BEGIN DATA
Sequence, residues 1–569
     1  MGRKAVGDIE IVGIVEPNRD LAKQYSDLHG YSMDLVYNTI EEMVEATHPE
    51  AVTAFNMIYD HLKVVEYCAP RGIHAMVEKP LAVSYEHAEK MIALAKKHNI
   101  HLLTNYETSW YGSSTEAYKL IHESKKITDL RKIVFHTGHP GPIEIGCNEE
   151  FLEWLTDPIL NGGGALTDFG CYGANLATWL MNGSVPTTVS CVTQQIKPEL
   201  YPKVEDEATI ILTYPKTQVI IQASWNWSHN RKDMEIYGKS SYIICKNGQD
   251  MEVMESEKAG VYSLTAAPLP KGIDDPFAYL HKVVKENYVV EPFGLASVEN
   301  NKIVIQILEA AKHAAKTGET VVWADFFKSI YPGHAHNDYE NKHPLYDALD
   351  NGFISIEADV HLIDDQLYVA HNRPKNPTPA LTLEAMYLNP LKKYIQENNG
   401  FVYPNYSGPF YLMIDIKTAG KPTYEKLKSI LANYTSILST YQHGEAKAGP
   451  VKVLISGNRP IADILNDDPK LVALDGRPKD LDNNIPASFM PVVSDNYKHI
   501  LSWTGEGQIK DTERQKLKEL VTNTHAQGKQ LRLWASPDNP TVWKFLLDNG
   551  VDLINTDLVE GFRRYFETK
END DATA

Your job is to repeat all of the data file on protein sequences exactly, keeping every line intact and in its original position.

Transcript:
Sequence, residues 1–569
     1  MGRKAVGDIE IVGIVEPNRD LAKQYSDLHG YSMDLVYNTI EEMVEATHPE
    51  AVTAFNMIYD HLKVVEYCAP RGIHAMVEKP LAVSYEHAEK MIALAKKHNI
   101  HLLTNYETSW YGSSTEAYKL IHESKKITDL RKIVFHTGHP GPIEIGCNEE
   151  FLEWLTDPIL NGGGALTDFG CYGANLATWL MNGSVPTTVS CVTQQIKPEL
   201  YPKVEDEATI ILTYPKTQVI IQASWNWSHN RKDMEIYGKS SYIICKNGQD
   251  MEVMESEKAG VYSLTAAPLP KGIDDPFAYL HKVVKENYVV EPFGLASVEN
   301  NKIVIQILEA AKHAAKTGET VVWADFFKSI YPGHAHNDYE NKHPLYDALD
   351  NGFISIEADV HLIDDQLYVA HNRPKNPTPA LTLEAMYLNP LKKYIQENNG
   401  FVYPNYSGPF YLMIDIKTAG KPTYEKLKSI LANYTSILST YQHGEAKAGP
   451  VKVLISGNRP IADILNDDPK LVALDGRPKD LDNNIPASFM PVVSDNYKHI
   501  LSWTGEGQIK DTERQKLKEL VTNTHAQGKQ LRLWASPDNP TVWKFLLDNG
   551  VDLINTDLVE GFRRYFETK